To correct for background gradients, eight evenly distributed directions were used for the first wave-vector. Signals from opposite directions were then geometrically averaged.12 Pore diameter, d, was extracted from the normalized parallel-antiparallel signal difference (ΔS, see Figure 1c) dependence on tm using:9

$$\Delta S \propto \ e^{-4 \alpha^2 D_0 t_m / d^2}$$

, with α ≈ 2.08, a geometrical factor. A value of 2.3 µm²/ms was used for the diffusion coefficient, D0, at 300 K.13

### Results

Figure 2 shows the signal modulation with Ψ for increasing tm. A clear difference is present across values of φ. Figure 3 shows the decay of ΔS with increasing tm for all directions and for their arithmetic mean. The inset shows diameter estimate for individual directions compared with their mean (averaged before fit) and with the light microscopy measurements.

### Discussion

Since the water droplets in the emulsion phantom are spherical, the results should be independent of the direction of the first wave-vector. This is not the case, as can be seen on Figure 2 and can originate from eddy current effects.14 The general decay with tm is nonetheless present for every assessed direction of the first wave-vector.

The large deviation between the pore diameter estimate from microscopy (8 µm) and the tm fit (32 µm) may be due to:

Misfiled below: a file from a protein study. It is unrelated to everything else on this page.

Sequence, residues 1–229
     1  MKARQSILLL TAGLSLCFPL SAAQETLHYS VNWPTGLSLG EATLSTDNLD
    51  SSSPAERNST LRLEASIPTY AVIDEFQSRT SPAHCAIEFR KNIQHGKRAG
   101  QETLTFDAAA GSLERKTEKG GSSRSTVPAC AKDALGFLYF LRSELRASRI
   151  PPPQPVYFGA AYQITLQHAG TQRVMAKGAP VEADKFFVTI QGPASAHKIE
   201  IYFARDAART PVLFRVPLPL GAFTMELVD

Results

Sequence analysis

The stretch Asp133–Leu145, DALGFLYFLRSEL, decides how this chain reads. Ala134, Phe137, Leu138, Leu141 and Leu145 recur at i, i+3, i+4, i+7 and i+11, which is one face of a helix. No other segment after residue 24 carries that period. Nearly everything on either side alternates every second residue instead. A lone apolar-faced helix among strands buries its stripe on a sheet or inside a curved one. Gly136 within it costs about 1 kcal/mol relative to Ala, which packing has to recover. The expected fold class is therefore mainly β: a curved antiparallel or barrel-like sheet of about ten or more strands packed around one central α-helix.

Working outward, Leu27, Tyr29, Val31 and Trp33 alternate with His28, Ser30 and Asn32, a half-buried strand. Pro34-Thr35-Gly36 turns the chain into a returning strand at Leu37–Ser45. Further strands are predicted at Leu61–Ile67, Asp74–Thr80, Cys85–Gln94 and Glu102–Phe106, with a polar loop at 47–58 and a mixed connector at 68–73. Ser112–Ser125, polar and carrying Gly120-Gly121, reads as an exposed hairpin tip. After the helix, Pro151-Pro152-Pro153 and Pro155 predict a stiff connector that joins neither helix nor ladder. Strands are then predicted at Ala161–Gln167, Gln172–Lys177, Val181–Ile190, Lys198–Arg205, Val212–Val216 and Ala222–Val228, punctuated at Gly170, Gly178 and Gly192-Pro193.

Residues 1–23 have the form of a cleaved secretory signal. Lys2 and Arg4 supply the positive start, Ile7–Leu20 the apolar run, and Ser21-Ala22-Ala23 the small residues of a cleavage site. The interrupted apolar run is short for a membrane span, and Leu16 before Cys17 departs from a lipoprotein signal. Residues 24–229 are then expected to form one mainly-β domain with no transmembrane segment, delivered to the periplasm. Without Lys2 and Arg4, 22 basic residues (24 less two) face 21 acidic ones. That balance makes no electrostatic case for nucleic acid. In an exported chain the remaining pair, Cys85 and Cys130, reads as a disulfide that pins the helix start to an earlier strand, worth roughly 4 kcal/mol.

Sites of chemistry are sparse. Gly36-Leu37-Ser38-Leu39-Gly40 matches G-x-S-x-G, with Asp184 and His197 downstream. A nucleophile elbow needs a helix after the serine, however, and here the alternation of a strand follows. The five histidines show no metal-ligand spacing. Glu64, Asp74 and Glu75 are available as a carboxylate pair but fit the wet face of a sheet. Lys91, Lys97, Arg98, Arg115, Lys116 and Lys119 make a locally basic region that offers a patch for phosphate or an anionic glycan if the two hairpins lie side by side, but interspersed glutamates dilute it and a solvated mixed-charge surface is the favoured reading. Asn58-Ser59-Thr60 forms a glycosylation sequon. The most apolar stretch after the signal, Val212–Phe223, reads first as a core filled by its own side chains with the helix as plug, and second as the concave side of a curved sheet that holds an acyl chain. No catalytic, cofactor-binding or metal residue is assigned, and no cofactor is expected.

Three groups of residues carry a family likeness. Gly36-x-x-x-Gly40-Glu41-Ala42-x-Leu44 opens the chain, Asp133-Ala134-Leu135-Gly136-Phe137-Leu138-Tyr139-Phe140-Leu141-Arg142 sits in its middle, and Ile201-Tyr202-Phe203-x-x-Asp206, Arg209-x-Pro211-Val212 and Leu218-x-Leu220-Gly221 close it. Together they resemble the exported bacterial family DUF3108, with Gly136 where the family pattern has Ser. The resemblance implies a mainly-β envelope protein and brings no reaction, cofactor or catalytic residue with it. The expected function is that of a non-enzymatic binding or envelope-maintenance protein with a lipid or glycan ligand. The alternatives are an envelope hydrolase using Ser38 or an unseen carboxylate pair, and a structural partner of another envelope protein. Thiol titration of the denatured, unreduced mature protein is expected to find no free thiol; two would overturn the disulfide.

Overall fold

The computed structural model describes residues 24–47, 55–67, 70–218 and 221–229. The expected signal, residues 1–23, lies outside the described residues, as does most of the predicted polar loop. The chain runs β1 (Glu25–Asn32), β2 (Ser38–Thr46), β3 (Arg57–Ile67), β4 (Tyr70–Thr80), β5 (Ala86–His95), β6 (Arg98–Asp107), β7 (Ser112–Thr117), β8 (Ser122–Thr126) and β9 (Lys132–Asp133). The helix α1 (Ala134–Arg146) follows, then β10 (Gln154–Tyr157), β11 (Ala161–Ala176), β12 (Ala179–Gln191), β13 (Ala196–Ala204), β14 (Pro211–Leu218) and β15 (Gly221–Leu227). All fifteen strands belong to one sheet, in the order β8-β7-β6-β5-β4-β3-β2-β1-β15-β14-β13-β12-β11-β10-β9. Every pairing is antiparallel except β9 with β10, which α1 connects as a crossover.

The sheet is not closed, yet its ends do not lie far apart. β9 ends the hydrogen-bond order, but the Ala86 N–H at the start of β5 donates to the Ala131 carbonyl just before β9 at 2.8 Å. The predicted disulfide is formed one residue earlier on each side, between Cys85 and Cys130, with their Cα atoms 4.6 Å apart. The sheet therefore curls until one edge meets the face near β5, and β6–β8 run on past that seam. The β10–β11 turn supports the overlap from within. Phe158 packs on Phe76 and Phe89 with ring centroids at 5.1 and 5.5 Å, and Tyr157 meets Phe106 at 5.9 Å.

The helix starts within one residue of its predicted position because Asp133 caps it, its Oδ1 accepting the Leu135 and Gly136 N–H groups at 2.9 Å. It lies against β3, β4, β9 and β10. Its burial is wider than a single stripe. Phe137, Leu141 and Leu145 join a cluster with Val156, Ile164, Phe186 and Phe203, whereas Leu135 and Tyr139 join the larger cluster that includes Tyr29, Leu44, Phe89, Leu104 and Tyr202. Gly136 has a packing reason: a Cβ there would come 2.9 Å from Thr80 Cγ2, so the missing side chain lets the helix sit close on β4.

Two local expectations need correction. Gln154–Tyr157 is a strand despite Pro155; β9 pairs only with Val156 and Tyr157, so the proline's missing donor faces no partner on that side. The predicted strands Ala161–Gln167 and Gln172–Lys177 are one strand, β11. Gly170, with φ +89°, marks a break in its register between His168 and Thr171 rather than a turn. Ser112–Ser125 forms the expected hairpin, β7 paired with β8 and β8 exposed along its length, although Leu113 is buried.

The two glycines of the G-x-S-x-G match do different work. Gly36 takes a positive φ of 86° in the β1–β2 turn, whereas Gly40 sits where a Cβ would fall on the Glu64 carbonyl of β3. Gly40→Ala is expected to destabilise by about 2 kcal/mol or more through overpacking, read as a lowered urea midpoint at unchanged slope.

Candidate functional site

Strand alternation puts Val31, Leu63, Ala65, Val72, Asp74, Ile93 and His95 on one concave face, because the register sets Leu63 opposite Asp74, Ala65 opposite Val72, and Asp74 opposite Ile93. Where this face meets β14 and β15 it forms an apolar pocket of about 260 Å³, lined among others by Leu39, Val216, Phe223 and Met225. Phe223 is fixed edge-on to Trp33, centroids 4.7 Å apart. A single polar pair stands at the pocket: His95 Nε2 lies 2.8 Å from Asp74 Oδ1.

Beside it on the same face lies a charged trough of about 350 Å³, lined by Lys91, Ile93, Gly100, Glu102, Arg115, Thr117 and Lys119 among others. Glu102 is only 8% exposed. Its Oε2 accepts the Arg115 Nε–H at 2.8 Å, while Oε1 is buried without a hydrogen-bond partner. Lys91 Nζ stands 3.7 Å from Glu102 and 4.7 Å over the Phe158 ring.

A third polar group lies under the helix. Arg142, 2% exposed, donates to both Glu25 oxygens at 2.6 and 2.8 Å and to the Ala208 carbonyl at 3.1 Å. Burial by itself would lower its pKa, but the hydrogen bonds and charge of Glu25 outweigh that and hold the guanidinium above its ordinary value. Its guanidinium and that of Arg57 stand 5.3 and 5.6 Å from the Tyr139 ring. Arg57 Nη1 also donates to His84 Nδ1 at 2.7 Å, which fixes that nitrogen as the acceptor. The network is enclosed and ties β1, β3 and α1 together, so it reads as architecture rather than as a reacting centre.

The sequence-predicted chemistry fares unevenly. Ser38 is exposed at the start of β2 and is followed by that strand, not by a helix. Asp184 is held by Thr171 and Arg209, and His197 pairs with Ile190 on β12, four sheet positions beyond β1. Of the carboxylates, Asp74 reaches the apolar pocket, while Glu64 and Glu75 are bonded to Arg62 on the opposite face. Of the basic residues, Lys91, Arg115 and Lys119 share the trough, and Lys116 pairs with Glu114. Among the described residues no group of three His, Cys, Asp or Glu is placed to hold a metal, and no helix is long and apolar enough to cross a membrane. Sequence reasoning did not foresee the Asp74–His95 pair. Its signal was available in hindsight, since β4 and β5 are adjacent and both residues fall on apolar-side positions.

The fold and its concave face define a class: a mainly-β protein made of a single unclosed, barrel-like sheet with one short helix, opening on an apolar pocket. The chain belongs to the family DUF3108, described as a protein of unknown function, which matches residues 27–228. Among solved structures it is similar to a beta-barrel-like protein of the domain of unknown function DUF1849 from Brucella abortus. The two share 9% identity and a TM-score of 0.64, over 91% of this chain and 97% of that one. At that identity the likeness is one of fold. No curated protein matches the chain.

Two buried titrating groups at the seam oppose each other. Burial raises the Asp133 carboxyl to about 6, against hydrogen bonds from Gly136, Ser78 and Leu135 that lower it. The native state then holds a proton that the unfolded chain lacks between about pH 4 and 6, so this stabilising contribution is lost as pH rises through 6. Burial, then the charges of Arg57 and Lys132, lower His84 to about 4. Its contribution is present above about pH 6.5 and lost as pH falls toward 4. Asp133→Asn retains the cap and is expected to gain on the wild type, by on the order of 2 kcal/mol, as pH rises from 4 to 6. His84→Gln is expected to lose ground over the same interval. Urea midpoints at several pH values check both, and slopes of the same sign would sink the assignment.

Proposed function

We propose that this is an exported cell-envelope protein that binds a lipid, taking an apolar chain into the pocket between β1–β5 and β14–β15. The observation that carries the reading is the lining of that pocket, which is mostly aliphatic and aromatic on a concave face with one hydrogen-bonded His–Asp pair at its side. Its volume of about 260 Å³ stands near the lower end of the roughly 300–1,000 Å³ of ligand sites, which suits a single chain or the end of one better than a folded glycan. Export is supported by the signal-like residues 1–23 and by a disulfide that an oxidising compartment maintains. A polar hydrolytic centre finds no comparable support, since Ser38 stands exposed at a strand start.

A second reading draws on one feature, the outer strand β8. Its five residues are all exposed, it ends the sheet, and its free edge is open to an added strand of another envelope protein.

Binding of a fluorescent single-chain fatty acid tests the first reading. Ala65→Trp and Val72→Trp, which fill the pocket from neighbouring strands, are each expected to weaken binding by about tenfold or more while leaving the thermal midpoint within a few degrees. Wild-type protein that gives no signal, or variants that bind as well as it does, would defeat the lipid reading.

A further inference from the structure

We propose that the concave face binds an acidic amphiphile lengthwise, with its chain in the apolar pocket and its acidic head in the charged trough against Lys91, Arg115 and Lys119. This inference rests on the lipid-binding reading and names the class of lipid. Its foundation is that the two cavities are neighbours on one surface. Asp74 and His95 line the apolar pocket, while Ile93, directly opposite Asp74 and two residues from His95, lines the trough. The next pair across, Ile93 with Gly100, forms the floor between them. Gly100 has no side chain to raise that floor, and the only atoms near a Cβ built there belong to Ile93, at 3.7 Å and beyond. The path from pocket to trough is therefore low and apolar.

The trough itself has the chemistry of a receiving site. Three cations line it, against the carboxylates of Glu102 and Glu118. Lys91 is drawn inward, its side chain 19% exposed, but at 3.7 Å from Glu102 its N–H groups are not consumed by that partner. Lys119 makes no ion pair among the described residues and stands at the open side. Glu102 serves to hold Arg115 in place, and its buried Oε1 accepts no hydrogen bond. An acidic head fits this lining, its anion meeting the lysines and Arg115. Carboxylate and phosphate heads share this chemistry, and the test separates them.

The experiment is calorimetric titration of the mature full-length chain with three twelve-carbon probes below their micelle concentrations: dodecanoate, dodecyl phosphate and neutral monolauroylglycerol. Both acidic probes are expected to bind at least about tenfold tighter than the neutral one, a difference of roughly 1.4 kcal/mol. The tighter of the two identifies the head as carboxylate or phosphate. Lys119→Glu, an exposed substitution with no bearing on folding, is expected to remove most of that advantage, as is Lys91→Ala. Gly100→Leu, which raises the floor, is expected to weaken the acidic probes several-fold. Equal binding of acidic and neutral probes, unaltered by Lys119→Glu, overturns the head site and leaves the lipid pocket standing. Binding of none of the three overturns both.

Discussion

- The experiment does not respect the long diffusion wavelength condition $(\gamma\delta G d / 2)^2 \ll 1$ because of the presence of big pores.

- The emulsion requires the use of surfactants, this may modify the diffusion coefficient.

- Eddy current or susceptibility effects.

- Signal modulation from other sources. Cross term gradients may originate from eddy currents and susceptibility effects.

Even if DDE has been demonstrated not to contain, under many circumstances, new information compared to the set of SDE experiments,15 it may provide a more elegant and clinically feasible way to estimate pore size.

### Conclusion

The present work describes the use of the mixing time dependence of DDE MRI as a source of spherical pore size information. A decay of the parallel-antiparallel signal difference with increasing tm was observed. In future development, it is hypothesized that this decay contains information about the complete pore size distribution, which could then be retrieve by means of an inverse Laplace transform analogue.9

The data presented here span 8x32 direction pairs as a way to identify artifacts, when only 2x2 should be necessary for diameter estimate. Such a subset would require around five minutes of acquisition time.

### Acknowledgements

We thank the German Research Foundation [grant DFG KO3389/2-1] for financial support.

### References

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4. Morozov, D., Bar, L., Sochen, N., & Cohen, Y. (2013). Measuring small compartments with relatively weak gradients by angular double-pulsed-field-gradient NMR. Magn. Reson. Imaging 31, 401–407. http://dx.doi.org/10.1016/j.mri.2012.08.007